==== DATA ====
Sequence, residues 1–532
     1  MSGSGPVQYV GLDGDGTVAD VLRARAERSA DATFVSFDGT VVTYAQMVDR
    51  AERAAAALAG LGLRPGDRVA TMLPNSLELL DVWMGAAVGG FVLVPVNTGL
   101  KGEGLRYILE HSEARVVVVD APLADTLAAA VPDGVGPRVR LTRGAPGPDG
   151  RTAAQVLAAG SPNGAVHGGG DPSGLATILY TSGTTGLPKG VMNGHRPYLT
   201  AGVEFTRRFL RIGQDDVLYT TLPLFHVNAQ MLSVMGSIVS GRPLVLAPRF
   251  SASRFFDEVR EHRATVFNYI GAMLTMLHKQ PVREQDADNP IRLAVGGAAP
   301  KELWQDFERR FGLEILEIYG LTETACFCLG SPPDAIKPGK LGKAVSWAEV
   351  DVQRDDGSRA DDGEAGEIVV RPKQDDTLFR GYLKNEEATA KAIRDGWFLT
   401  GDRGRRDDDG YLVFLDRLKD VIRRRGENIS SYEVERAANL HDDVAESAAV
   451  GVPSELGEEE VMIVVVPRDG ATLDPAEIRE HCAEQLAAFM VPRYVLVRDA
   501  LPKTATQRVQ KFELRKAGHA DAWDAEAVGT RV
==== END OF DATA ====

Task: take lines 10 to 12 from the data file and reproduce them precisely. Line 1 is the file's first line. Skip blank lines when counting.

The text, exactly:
   401  GDRGRRDDDG YLVFLDRLKD VIRRRGENIS SYEVERAANL HDDVAESAAV
   451  GVPSELGEEE VMIVVVPRDG ATLDPAEIRE HCAEQLAAFM VPRYVLVRDA
   501  LPKTATQRVQ KFELRKAGHA DAWDAEAVGT RV